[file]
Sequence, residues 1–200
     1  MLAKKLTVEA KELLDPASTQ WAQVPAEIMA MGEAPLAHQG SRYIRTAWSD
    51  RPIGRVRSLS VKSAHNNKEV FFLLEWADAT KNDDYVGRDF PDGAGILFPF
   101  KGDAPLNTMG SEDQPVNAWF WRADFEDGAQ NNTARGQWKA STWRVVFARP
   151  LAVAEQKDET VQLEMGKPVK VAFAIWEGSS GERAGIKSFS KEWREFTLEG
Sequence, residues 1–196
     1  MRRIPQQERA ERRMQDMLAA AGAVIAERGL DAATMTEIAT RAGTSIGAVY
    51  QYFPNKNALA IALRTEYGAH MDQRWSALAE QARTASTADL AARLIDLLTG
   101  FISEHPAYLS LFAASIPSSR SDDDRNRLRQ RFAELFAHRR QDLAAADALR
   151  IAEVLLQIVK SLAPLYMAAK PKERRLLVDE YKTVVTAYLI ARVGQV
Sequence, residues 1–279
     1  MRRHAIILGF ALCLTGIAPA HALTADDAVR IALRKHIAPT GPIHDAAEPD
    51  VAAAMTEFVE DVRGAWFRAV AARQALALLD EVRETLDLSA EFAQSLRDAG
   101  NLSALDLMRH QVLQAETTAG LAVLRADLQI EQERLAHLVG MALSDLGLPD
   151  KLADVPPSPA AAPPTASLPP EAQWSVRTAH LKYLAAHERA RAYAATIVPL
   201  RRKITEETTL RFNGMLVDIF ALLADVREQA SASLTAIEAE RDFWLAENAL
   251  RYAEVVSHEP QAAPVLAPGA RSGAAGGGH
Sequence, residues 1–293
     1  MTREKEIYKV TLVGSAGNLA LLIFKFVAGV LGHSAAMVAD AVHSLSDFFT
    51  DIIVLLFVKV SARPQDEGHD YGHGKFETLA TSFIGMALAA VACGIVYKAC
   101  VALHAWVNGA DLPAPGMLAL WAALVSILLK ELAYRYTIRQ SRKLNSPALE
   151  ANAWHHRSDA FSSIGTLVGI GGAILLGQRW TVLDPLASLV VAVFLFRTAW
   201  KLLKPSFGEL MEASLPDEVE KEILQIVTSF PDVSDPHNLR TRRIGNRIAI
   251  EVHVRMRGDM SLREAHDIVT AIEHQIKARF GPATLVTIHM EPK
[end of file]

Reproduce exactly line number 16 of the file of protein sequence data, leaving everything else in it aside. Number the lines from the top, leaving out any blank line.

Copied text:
   201  RRKITEETTL RFNGMLVDIF ALLADVREQA SASLTAIEAE RDFWLAENAL